It started with a simple Saturday-morning shower.
Standing in the stream of water, Erin Boote decided to turn off the faucet. Only she couldn’t. She willed her hands to move, and they didn’t. The next thing she knew, the Wilkes-Barre woman had fallen to the floor.
And the water continued to run.
“It ran for two days,” Boote said, recalling she lay on the floor, heard church bells signal Sunday morning, and heard her phone ring several times but couldn’t move to answer it.
She was alone at home because her daughter, Hayley, was spending the weekend with her father. It wasn’t until Monday, when Boote’s sister, Cindy Hannon, who was bringing Hayley home from elementary school, summoned police, who broke into Boote’s apartment.
It turned out Boote suffered a cerebral hemorrhage that day in 2009. Already a survivor of ovarian cancer and open-heart surgery, she subsequently suffered two strokes in 2010 and another last July.
And in a way, her waterfall of health problems seems as difficult to control as those shower faucets once were.
“I go to bed at night in pain, and I wake up in the morning with pain,” said Boote, 51, who was told by a neurologist in October that she has Central Pain Syndrome. “It’s like you feel the fires of hell, and you feel intense cold and then, you know it’s coming, you feel as if someone took all the pins from a pin cushion and is sticking them into you.”
“Sometimes it even hurts to smile. I can’t laugh with my granddaughter. I can’t run after her or pick her up,” said Boote, who nevertheless enjoys visits with little Ari Boote, who is going on 2 and lives in Kingston with her parents.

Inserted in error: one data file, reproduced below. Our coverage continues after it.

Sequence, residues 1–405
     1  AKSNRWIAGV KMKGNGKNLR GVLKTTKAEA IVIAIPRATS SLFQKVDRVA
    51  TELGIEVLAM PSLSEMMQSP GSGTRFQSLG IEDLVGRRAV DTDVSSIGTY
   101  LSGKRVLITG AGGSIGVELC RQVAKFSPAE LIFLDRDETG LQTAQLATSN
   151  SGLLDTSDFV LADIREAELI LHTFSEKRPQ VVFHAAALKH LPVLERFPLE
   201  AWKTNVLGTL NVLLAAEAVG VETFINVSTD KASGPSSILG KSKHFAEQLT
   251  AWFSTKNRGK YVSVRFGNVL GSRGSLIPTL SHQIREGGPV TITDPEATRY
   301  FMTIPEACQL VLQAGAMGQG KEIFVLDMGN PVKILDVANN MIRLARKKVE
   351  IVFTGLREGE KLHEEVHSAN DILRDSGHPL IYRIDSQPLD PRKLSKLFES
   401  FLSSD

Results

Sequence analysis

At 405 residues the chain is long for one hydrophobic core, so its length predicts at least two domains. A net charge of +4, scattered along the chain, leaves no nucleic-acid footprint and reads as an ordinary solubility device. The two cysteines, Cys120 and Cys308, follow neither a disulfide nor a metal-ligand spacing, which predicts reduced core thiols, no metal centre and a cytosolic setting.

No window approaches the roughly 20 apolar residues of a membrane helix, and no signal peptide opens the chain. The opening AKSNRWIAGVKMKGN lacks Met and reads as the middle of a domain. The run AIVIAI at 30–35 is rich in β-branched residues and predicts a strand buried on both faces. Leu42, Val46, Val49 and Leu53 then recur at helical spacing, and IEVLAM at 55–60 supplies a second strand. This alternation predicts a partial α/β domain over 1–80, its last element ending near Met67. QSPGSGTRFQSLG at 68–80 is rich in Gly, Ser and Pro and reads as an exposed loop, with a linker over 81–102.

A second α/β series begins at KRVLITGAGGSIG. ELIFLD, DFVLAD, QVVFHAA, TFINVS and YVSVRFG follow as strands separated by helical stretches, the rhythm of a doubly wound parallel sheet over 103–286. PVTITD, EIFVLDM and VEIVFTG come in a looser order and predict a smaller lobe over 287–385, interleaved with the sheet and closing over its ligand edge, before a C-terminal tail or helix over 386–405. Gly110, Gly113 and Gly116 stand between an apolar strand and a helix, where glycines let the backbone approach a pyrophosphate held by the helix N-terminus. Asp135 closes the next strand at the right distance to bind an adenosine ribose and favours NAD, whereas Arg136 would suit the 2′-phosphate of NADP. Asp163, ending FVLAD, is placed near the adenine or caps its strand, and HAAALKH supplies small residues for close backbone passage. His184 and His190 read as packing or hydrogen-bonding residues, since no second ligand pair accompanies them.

Suffering from a lack of mobility due to the pain, Boote recently resigned her job as a paraprofessional working with autistic and emotional-needs children in the Wilkes-Barre Area School District.
Giving up her job led to a loss of health insurance and a fresh crop of worries.
The only medication that offers some pain relief, about two hours a day — without interfering with the Coumadin she takes because of her mechanical heart valve — is an anti-seizure drug called Gralise, Boote said. Her pharmacist told her it’s not covered by medical assistance, which Boote believes is her only resort because health insurance through COBRA would cost more than $1,000 per month, and she has no income at this point.
“I’m a little ashamed, but I’ve got no choice.” Boote said, clearly feeling frustrated. “If you knew me years ago, I was a soccer mom, I raised money for the PTA. I don’t like asking for help.”
Eager to help others, Boote wants to spread awareness of Central Pain Syndrome, because she believes many other people have it and don’t know. She shares information about it through a Facebook page and has planned an educational event for 4 p.m. June 8 at the River Street Jazz Cafe in Plains Township. She hopes to invite Dr. Forest Tennant, an expert on intractable pain, to speak.
“It will be a CPS awareness rally with a lot of bands,” she said. “I’m gonna do this big. I’m very motivated, and it’s getting my mind off my pain for awhile. I’m going to have fun organizing this, and I’m going to help people.”